Hello Principal Diamond, faculty, teachers, students, parents, grandparents, my girlfriend Sara who is in college, my cousin Sarah who is not my girlfriend and has an H in her name, our school janitor Boris, and also, to my favorite part of our school, hello vending machines. I will miss getting Starbursts from you.
My name is Alex Simpson and this is a graduation speech. I’m giving a graduation speech because we’re graduating. This is nice, right? I love giving graduation speeches. I wish I’d done this more in high school. Right now, you’re probably wondering why I was chosen to give the graduation speech. It’s not because I am the valedictorian. It’s not because I am abnormally good-looking, although, as you can see, I certainly am. It’s because my father’s company gave a large donation to the school. This speech is sponsored by your local Simpson’s Toyota dealer. Come on down and get your hands on some recently recalled vehicles with 0% APR financing. Ask for Alexander Simpson Senior.
So, I’ve been told that graduation is a time for inspiration and reflection. I think reflection is difficult because it requires us to think.
Thinking is hard. This is a nugget of wisdom I want you to take away and remember forever. My dad told me that in order to make a speech to be effective, you have to repeat things more than once, so again, let me say, thinking is hard.
That’s one of the reasons I’m glad to be graduating from Mount Pleasant High School. I won’t have to think all that much, because when I go to college, I plan on having my father make donations there too. No more reflection for me. The only kind of reflection I like is the one I see the mirror. You like it too, right?
Even though I didn’t want to do that much thinking, I wanted everyone in the Class of 2010 to feel like this speech was really one of the best speeches they’ve ever heard, right on par with the Gettysburg address, the “ I Have a Dream Speech,” or my personal favorite, “The Seven Words You Can Never Say on Television.” That’s some life-changing stuff, right? Right, people?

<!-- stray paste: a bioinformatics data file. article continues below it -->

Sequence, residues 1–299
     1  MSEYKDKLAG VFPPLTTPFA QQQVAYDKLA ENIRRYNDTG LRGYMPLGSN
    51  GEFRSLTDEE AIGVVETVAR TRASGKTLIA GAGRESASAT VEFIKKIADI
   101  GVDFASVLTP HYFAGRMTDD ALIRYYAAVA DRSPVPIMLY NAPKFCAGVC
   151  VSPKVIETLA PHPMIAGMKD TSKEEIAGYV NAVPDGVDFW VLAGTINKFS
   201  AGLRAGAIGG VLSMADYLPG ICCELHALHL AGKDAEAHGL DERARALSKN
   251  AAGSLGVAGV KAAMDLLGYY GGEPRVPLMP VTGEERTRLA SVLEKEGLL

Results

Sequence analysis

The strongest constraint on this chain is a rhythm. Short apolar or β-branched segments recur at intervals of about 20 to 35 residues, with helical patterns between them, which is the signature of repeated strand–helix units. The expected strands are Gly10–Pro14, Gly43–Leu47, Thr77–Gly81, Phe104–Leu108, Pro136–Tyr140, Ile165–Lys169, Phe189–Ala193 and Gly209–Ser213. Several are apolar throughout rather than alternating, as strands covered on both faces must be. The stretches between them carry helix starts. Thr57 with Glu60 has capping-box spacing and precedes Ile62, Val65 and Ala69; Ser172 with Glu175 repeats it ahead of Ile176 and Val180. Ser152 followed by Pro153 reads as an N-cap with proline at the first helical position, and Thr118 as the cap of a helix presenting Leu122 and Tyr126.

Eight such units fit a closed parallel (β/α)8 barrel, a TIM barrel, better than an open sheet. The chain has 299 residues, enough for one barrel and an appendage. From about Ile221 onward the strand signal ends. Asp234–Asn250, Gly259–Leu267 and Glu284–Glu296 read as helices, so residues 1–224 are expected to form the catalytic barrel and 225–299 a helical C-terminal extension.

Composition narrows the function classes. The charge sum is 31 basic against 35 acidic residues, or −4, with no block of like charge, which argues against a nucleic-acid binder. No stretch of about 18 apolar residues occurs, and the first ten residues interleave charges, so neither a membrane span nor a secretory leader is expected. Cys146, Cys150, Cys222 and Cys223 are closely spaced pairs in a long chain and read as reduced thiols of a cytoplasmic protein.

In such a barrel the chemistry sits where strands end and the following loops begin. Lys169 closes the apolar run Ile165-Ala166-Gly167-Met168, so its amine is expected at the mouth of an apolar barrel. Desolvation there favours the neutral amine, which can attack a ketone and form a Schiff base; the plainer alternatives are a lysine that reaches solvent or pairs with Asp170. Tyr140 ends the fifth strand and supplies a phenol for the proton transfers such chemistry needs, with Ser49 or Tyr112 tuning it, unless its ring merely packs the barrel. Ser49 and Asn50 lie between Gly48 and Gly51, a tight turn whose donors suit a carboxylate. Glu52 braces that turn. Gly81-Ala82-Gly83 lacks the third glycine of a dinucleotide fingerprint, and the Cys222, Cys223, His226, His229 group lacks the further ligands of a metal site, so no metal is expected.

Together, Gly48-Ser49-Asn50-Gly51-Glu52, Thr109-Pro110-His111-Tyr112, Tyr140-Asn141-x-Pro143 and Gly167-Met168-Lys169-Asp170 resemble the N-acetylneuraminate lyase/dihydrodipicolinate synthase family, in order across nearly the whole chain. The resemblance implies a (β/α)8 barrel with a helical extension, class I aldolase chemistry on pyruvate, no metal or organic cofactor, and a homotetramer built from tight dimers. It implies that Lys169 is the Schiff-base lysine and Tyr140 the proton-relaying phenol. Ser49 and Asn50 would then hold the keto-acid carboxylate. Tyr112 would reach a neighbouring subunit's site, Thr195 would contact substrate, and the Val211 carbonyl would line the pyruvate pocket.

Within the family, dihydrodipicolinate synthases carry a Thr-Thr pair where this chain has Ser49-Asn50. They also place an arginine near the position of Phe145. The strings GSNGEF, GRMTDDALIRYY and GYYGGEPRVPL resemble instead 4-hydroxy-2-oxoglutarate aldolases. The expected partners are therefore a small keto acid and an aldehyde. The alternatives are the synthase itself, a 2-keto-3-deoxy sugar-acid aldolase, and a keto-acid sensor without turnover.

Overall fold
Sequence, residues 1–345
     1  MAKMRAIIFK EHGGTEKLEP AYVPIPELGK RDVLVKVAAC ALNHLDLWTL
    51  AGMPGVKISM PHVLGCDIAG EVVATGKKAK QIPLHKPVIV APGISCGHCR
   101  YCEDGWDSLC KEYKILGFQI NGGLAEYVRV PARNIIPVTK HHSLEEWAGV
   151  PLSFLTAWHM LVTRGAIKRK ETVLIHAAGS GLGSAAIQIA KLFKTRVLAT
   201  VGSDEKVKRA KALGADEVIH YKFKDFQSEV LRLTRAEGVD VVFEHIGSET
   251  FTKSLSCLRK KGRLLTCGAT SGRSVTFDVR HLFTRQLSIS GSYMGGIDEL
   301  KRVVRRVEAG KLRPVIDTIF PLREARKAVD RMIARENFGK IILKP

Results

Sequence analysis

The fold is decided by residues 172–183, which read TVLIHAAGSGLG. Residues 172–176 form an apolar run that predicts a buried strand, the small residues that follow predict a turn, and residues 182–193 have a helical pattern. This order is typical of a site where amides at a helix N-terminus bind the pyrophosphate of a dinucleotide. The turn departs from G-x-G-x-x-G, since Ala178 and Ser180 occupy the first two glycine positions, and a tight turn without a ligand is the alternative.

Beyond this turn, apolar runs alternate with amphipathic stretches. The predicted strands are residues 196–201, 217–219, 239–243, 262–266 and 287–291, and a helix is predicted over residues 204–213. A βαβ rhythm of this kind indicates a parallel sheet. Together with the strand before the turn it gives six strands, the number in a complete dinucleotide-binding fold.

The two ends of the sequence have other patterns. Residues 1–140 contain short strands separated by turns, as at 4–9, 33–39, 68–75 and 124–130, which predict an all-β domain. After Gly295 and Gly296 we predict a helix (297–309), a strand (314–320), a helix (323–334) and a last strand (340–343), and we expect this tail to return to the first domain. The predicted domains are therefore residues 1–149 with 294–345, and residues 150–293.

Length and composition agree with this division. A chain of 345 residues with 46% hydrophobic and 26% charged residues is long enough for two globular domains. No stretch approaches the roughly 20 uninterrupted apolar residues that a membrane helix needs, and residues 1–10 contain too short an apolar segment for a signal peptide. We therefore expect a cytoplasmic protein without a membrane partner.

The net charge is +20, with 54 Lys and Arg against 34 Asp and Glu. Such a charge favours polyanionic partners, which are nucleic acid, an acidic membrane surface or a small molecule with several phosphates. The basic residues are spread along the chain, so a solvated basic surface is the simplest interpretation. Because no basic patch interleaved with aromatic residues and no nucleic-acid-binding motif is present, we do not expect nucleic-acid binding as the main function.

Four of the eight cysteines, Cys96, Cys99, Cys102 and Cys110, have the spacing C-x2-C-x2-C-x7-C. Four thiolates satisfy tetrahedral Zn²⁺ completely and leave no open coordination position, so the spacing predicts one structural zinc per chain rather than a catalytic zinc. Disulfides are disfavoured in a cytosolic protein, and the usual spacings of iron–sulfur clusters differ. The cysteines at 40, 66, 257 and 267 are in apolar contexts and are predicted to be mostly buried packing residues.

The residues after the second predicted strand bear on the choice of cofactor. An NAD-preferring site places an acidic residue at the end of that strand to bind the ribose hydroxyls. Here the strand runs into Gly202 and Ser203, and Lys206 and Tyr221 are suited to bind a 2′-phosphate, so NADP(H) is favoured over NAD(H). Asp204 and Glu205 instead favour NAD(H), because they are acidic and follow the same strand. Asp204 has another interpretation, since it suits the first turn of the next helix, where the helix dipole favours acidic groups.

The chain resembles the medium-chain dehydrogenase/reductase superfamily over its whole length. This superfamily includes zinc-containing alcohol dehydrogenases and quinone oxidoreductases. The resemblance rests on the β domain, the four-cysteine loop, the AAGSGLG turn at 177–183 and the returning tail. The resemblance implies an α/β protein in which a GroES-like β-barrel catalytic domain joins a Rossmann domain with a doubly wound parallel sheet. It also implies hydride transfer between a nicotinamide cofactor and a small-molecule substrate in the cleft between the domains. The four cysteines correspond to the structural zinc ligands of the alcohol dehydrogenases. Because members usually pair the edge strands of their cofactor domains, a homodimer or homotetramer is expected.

So that is what I am saying to you, Class of 2010. Yes we can. Yes we can graduate school. Yes we can get accepted into colleges because our dads are powerful businessmen. Yes we can now forget the elements in the periodic tables. Yes we can live in dorms and hang up posters to make people think we are interesting and
smart. Yes we can forget how to forge our doctor’s signatures to get out of gym. Yes we can flunk Spanish and still graduate. Yes we can enjoy our summers, and if you’re me or one of my three friends, you can enjoy the summer at my lake house sipping on virgin daiquiris, but pretending to be drunk.
That part of the speech was called the “Yes We Can Reprise.” Now is the part of the speech where I ask: Does anybody have a sandwich?
In the event that no one stands up to offer me a sandwich, I have alerted my friend Daniel to stand up and bring me some Subway I purchased this morning. Though it is a few hours old and a bit soggy, I still want Danny to bring it to me. Danny?
This is the part of the speech where I take a bite of the sandwich. I was going to say something about how Mount Pleasant High School is kind of like a sandwich. We too are made up of a lot of different ingredients—athletes, gangsters, people who read. Together, we make up one really tasty thing. Also, our school cafeteria has awesome pokie sticks and Subway has really good bread, so in my mind that’s similar too. I was going to say more, but I've decided I want to end early. My parents are throwing me a graduation party at the Simpson Toyota dealer. It’s just up the road. There will be hotdogs, hamburgers and virgin daiquiris, but no Subway sandwiches. Please pretend you’re drunk and that my speech changed your life. And remember, thinking is hard.